Wasatch Cache National Forest

In partnership with: The Friends of the Utah Avalanche Forecast Center, Utah Department of Public Safety Division of Comprehensive Emergency Management, Salt Lake County, and Utah State Parks

 

The Utah Avalanche Center Home page is: http://www.avalanche.org/~uac/

 

Avalanche advisory

Friday, December 6, 2002

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Good Morning. This is Tom Kimbrough with the Forest Service Utah Avalanche Center with your backcountry avalanche and mountain weather advisory. Today is Friday, December 6, 2002.

 

Current Conditions:

While were waiting for Old Man Winter to reappear, we are doing afternoon updates on the phone lines and internet.

 

Yesterday temperatures climbed to near 40 degrees at 8,000 and into the upper 20s at 10,000. Ridge top winds have been light out of the northwest and are now blowing about 15 mph with gusts in the twenties. At 11:00 a.m. mountain temperatures were twenties and low thirties.

 

The recent warm and sunny weather has melted most of the snow off southerly and westerly facing slopes. On the shady northwest, north and northeast facing slopes above about 9,000 there are patches of soft recrystalized snow. There are few places in these areas where you can find supportable snow with decent turning conditions. It is also thin and rocky and many slopes are tracked. The groomed slopes with manmade snow at the resorts are quite good. Snowmobiling is limited to mid and upper elevation roads and trails.

 

Avalanche Conditions:

There are almost no avalanche problems at this time. It is possible to start shallow, loose snow sluffs on very steep shady slopes but that is about it. These same areas where there is lots of loose sugar snow will be very dangerous when a storm finally arrives. Until then, practice with your avalanche beacon; when the weather changes it is going to be scary out there.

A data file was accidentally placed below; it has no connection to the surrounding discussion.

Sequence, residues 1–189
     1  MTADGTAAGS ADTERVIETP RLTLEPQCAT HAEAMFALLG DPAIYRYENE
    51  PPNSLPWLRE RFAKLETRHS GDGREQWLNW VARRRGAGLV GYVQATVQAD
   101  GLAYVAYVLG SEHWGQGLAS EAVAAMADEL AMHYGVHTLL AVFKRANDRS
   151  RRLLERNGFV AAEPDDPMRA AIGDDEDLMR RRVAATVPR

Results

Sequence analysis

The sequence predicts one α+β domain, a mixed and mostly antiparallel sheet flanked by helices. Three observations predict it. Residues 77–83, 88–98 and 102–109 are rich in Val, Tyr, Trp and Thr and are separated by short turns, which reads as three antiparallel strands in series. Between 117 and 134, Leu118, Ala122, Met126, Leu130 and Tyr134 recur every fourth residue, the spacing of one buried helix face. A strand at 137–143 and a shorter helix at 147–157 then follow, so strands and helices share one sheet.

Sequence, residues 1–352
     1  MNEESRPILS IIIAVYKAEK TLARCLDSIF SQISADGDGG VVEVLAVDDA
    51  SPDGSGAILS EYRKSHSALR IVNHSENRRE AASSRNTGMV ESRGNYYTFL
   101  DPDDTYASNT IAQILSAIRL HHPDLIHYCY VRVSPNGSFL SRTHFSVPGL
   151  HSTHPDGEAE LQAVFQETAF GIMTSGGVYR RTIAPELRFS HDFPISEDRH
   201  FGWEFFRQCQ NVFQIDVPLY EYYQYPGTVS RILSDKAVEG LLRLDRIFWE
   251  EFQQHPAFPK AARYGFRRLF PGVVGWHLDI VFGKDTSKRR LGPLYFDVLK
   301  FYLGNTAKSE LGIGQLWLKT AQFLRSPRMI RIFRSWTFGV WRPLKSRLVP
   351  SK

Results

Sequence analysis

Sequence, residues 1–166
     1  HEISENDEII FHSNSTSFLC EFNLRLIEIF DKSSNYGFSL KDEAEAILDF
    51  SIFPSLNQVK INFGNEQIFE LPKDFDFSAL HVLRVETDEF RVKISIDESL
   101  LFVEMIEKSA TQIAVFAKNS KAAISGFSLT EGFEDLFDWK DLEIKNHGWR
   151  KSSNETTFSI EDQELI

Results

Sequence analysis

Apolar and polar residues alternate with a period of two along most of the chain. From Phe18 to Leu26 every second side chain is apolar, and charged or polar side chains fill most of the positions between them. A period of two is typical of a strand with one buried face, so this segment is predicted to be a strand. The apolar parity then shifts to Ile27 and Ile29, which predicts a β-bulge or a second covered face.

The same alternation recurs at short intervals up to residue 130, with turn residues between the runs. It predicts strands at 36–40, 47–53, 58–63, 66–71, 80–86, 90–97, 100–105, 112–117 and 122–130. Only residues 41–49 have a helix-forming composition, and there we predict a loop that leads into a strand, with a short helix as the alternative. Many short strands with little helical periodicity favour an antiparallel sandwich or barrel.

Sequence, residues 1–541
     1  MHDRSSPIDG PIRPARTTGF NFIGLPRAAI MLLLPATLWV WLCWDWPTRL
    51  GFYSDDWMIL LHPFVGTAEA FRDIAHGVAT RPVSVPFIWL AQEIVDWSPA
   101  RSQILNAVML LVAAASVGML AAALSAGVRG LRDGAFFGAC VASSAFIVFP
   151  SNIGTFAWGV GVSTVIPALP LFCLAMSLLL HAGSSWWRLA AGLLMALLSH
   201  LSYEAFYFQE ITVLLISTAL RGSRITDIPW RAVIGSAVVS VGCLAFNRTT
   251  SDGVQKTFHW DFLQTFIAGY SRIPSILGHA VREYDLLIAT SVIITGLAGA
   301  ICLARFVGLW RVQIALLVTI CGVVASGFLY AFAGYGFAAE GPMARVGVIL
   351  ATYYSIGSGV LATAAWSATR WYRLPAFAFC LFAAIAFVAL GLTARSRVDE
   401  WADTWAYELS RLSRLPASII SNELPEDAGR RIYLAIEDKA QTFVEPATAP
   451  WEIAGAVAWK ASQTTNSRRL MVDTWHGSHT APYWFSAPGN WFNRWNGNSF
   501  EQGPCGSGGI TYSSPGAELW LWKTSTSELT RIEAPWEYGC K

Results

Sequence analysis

Bottom Line (SLC, Ogden, and Provo Area Mountains):

The avalanche danger is generally LOW today.

 

Mountain Weather:

High, thin clouds have moved over the Wasatch this morning as a weak weather system prepares to pass south of Utah on Saturday. Skies will be mostly cloudy tomorrow with a slight chance of a couple of flakes of snow. High pressure returns on Sunday.

 

Temperatures today will get into the upper thirties at 8,000 feet and near thirty at 10,000. Winds will be light to moderate over the ridges from the west and northwest. Expect overnight lows in the twenties and highs Saturday in the thirties. There may be a chance for a few inches of new snow about next Tuesday and the longer range forecasts are hinting at a possible pattern change in about a week to 10 days.

 

General Information:

 

A great Christmas present for someone you love is an avalanche beacon. To help you decide which one to buy, we have posted a couple recent tests of various brands of avalanche beacons on the web. Point your browser to www.avalanche.org and click on Salt Lake, then on Education. At the same location, you can find a complete list of avalanche talks and multi-day classes.

 

To report backcountry snow and avalanche conditions, especially if you observe or trigger an avalanche, call (801) 524-5304 or 1-800-662-4140, or email to [email protected] or fax to 801-524-6301. The information in this advisory is from the U.S. Forest Service, which is solely responsible for its content. This advisory describes general avalanche conditions and local variations always occur.

 

Evelyn Lees will update this advisory on Saturday.

 

Thanks for calling!

________________________________________________________________________

National Weather Service - Salt Lake City - Snow.

For an explanation of avalanche danger ratings:

http://www.avalanche.org/usdanger.htm